If this is part of your morning routine, it could do irreversible hair damage

Picture this: It’s a cold winter morning and you woke up late. You jump in the shower, throw on some clothes, but don’t have time to dry your hair so you rush out the door. All of a sudden you notice — your hair is frozen! While this may be hysterical in the moment, it actually could be an unfortunate situation to find yourself in. 

Growing up, your mom may have warned you not to go outside with wet hair, for fear you may catch a cold. Luckily, there is little scientific evidence available to support this claim. 

“You cannot catch a cold or the flu simply from going out with wet hair during winter,” Anita Skariah, DO, a physician who specializes in internal medicine and pediatrics at UNC Healthcare told Bustle. “Some wives’ tales are valid conclusions from observations people have made through the years, but this one has not been proven conclusively, so far — despite a few studies investigating this.”

However, going out this winter with wet hair can still be disastrous — for your hair. 

Celebrity hairdresser Jason Collier has a client list full of A-list celebrities like Victoria Beckham and Eva Longoria. He said it’s crucial to avoid exposing wet hair to harsh winter conditions and low temperatures. That stiffening that happens when your locks freeze is actually putting them more at risk for breakage. 

“[Cold weather] stiffens the hair strand, which then makes it far easier for the hair to snap and break, leaving you with uneven, split ends all over the head — which, in the worst-case scenario, means needing to get your hair cut shorter to even out the difference,” he said. 

Anwar Zahar, principal technician for Aveda’s research and development, agreed and explained the science behind this. 

“When it’s cold outside, it’s very important not to leave the house with wet hair as it has a greater risk of damage.” Zahar said. “Water molecules in the hair can expand — or even solidify if it’s below freezing — which causes the hair shaft to swell, making it prone to breakage.”

Collier said, even though he doesn’t recommend blow drying your hair regularly to avoid heat damage, it would be better in this case to blow dry it rather than go out in the cold with your hair still wet.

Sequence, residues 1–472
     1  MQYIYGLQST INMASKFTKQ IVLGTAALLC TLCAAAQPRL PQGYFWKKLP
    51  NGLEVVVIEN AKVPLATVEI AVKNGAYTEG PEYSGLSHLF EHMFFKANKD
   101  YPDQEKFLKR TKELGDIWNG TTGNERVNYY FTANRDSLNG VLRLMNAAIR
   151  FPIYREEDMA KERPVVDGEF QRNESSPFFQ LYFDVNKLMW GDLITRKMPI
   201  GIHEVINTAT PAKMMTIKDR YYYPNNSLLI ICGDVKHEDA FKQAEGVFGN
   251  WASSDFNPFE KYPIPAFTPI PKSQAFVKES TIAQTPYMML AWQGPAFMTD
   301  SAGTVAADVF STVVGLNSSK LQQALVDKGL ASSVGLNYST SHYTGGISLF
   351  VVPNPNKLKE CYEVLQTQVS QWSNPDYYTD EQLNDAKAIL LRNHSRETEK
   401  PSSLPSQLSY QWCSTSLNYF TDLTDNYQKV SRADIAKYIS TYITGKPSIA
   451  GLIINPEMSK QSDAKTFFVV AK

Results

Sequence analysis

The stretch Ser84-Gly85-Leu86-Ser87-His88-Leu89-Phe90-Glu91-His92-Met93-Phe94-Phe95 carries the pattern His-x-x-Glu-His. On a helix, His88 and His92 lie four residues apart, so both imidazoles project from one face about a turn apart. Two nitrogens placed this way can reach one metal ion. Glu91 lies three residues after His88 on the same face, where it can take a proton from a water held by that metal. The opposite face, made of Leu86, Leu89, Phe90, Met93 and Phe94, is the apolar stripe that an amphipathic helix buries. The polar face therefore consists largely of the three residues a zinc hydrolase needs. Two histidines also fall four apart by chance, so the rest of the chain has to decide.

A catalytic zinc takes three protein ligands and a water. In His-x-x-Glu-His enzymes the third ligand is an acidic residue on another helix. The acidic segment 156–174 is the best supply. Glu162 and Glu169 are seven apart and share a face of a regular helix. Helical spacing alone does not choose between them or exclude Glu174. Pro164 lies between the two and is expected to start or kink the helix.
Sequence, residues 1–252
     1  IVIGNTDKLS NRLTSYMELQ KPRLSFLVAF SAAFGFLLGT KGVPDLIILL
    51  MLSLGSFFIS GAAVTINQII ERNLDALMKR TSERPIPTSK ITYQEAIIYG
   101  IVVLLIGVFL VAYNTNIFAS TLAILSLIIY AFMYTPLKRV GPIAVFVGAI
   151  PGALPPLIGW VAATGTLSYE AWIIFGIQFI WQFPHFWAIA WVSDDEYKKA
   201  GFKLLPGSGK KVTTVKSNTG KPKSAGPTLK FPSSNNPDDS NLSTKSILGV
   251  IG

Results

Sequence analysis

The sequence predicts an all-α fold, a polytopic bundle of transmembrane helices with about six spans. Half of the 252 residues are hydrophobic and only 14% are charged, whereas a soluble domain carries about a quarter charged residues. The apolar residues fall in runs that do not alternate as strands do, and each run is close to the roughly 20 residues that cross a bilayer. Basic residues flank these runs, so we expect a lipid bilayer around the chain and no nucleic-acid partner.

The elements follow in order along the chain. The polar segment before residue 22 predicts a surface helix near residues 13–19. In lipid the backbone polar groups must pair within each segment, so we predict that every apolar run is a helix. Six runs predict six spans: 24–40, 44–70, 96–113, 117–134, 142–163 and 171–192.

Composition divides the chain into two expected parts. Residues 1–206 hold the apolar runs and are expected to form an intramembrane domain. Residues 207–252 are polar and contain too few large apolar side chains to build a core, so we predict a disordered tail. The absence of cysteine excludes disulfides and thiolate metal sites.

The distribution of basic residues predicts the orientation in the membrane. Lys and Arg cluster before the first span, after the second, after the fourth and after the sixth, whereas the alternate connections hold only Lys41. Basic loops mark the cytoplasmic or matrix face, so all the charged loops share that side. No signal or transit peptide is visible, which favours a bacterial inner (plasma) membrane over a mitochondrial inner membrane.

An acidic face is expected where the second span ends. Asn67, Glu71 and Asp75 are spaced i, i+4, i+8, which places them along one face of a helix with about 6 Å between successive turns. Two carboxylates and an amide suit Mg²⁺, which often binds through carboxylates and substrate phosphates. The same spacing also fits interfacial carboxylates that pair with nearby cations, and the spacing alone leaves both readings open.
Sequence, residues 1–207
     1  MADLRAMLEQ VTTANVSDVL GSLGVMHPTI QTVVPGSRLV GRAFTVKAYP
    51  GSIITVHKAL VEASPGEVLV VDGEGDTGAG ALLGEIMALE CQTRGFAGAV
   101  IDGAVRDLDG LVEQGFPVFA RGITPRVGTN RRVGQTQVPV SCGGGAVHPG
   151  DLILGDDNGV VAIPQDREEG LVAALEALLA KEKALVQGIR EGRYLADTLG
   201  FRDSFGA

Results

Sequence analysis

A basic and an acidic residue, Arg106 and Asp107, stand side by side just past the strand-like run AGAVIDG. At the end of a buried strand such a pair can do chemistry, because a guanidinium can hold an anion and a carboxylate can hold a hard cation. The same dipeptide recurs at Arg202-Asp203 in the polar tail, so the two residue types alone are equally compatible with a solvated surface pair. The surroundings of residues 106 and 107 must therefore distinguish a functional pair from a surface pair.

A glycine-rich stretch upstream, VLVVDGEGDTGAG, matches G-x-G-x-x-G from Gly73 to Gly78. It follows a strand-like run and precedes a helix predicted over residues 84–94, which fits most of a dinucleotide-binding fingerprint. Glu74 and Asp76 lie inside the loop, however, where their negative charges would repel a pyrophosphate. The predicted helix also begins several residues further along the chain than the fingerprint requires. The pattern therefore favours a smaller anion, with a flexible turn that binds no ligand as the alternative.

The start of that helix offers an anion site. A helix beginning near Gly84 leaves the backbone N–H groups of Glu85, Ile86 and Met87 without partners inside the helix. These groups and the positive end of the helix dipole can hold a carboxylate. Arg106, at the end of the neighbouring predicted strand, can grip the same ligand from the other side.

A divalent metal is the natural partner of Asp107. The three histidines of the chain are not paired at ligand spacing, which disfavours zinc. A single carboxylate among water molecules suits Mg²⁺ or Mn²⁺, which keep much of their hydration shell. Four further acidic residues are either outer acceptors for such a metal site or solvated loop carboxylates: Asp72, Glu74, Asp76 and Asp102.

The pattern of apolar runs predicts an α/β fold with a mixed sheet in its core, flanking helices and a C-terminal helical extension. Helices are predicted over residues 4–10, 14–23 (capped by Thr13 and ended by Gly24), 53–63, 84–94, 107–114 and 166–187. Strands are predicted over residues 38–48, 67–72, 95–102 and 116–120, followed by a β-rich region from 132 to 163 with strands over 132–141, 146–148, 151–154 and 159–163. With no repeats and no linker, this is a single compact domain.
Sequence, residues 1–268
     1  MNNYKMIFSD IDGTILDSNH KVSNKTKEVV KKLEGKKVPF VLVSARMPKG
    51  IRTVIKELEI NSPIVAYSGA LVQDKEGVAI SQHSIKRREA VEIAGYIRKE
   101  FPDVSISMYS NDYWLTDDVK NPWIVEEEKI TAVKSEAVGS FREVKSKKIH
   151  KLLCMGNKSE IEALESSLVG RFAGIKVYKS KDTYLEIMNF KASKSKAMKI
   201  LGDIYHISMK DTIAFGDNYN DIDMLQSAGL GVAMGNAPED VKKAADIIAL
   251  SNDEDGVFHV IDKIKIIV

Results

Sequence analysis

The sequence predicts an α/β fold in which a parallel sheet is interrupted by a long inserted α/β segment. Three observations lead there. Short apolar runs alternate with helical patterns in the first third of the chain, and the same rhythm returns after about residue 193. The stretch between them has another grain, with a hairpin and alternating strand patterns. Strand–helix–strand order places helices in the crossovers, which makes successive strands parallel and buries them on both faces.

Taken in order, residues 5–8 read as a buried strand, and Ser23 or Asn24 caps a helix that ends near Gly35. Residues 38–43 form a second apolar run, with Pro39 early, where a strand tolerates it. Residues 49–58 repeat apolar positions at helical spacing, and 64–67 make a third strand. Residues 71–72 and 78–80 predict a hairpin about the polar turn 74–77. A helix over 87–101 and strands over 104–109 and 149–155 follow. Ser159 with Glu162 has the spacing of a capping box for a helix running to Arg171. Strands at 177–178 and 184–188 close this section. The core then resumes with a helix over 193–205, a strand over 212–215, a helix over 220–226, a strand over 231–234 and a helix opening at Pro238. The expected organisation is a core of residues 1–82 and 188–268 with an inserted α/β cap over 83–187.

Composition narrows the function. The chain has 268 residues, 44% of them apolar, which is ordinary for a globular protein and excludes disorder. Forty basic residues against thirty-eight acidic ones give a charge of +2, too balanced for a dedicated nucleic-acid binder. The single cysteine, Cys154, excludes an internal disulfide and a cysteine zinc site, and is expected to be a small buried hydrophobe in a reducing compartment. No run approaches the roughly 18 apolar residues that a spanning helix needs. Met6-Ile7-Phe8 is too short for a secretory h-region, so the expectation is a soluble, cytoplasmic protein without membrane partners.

“Usually you hear hairdressers saying that you should leave your hair to dry naturally as often as possible, but in the winter, the opposite is true,” he said. “Either [dry] it before bed, or get up an hour earlier, there’s no excuse.”

You should be careful no matter what hair type you have, but those with curly or frizzy hair should take extra caution when it comes to the colder weather. 

There are also a few other things you can do to ensure your hair is as healthy and strong as possible. 

For one, you should avoid washing your hair too often and always use a heat protectant spray with any hot tools. 

“Wash your hair no more than twice a week if you can manage it, reducing the impact that your hairdryer has on the hair,” Colier advised.

You should also be sure to keep your hair moisturized, just like you do with your skin in the dry winter months. The dryer your hair is, the more brittle it becomes with can lead to easier breakage and damage. Try using a deep conditioning treatment or a weekly hair mask to keep it restored and healthy. 

Depending on your hair type, you may also be able to use hair oils. These help seal the cuticle which can protect your strands from breakage. Coconut oil and argan oil are good examples. However, these aren’t for everyone and may not be compatible with those who have more oily scalps. 

Last, but not least, all beauty starts from the inside. Make sure you eat a balanced diet with skin and hair-healthy ingredients, and always be sure to drink lots of water. Sometimes your hair and skin can appear dry because you haven’t been hydrating enough.